Biological Determinism: Bonding, “natural” birth, and breastfeeding

Biological determinism is defined as

the hypothesis that biological factors such as an organism’s individual genes (as opposed to social or environmental factors) completely determine how a system behaves or changes over time.Consider certain human behaviors, such as having a particular taste in music, committing murder, or writing poetry. A biological determinist would look only at innate factors, such as genetic makeup, in deciding whether or not a given person would exhibit these behaviors. They would ignore non-innate factors, such as social customs and expectations, education, and physical environment.

Biological determinism was very popular in the early decades of the 20th century, especially among western eugenicists. Once the Nazis took the concept to its logical extreme, however, those ideas fell out of favor. Most scientists today do not accept the idea that human biology is, or should be, the only determining factor of how humans relate to the world, but rather that humans (and other organisms, for that matter) are the combined product of biological, sociocultural, and environmental factors. And IMO, that’s a good thing.

That’s why it’s so disheartening to see certain prominent NP/AP advocates and their groupies taking up the banner of biological determinism again. In fact, one could say the whole of the Natural Parenting movement hold what they perceive to be biological realities to be the standard by which we all must parent, at least in order to be good parents. Doing anything else will surely lead to substandard parenting behavior and “damaged” children.

Consider the Kathy Dettwyler quote I’d already brought up in a previous post, in which she asserts,

a mother who is bottle feeding won’t have the critical “mothering” hormones in her bloodstream (prolactin and oxytocin) that automatically predispose her to attachment-parenting practices. These hormones are released from a mother’s pituitary only in response to her child suckling at her breast.

Consider, also, Dr. Michel Odent, one of the fathers of the “Natural Birth” movement and current anti-vaccine skeptic (he’s on the board of Medical Veritas, a magazine which serves as an outlet to some of the worst anti-vaccine quackery outside of the Internet), who has also been claiming that women who have cesarean sections are less likely to bond with their babies, due to their missing out on the magical “hormonal love cocktail” that happens during labor and breastfeeding. In fact, Odent has been reported to correlate the C-section rate in any given city with its rate of delinquency: he feels that Amsterdam is safer to carouse at night than Sao Paolo, for example, because the former has a much lower C-section rate.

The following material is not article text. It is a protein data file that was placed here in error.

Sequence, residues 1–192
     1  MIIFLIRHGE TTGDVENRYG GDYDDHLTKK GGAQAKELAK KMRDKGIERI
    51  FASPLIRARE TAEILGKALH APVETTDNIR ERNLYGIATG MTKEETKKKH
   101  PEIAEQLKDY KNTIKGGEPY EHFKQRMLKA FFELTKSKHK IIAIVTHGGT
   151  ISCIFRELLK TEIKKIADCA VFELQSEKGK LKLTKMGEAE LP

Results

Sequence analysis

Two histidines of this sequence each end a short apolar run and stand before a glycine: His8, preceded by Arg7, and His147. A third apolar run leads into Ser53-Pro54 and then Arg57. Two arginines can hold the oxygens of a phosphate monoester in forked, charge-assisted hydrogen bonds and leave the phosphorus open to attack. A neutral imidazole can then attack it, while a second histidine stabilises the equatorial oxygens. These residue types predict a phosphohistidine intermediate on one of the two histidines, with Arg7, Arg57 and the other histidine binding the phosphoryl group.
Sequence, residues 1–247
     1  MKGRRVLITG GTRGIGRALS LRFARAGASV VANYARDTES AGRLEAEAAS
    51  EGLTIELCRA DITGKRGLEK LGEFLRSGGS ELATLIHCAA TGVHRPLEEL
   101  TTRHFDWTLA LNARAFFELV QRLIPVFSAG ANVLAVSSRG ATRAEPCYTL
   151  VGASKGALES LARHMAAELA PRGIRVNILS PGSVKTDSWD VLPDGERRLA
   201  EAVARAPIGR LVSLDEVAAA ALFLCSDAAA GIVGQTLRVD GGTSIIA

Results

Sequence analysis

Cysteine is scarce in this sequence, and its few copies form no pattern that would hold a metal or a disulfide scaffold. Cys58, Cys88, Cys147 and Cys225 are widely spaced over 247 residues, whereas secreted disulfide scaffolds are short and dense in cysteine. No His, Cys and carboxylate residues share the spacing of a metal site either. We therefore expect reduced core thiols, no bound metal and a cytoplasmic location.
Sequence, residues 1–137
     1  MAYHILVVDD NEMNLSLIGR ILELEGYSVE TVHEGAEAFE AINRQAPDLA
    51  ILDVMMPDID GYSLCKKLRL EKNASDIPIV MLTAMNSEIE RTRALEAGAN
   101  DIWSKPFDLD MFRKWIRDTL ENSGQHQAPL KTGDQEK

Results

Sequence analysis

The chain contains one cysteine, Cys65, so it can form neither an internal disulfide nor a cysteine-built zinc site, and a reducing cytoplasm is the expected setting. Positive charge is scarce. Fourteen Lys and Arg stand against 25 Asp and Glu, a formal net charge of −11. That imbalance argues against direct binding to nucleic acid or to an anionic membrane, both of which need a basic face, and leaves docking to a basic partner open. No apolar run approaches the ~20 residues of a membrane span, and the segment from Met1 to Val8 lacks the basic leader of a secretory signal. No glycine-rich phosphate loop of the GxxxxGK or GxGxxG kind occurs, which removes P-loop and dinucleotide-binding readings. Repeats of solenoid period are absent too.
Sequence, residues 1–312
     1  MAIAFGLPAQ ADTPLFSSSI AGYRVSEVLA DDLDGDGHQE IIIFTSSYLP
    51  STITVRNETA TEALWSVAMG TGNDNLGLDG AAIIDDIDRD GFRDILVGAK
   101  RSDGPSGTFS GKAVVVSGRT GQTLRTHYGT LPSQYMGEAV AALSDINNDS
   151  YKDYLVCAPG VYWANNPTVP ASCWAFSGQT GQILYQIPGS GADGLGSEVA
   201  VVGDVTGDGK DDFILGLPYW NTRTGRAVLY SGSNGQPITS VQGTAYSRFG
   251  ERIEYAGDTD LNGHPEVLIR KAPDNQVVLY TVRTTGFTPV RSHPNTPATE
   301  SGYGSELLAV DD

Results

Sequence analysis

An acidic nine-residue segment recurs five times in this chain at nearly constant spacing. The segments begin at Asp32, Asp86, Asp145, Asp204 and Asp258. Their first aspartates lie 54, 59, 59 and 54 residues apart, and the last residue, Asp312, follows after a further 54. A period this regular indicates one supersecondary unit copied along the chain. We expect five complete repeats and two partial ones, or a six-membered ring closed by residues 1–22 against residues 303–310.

While oxytocin levels do peak during labor and childbirth and prolactin levels peak after birth, this is not exclusive to women who had “natural” births. In fact, all women will lactate after birth unless given a lactation-suppressing drug, or if their pituitary glands were damaged earlier on (a medical condition called Sheehan’s syndrome). There is also no obvious connection in humans between the method of birthing to the mother’s feeling she and her infant have bonded – women can and do routinely bond to their infants after traumatic vaginal births, C-sections, with labor, without labor, even without birth – unless you’d like to discount the bonding between fathers and babies, or adoptive parents to their children. Of course, these hormones are not “released from a mother’s pituitary only in response to her child suckling at her breast” as Dettwyler claims; oxytocin and prolactin are expressed in both sexes, as a result of positive emotions, orgasm, and touching.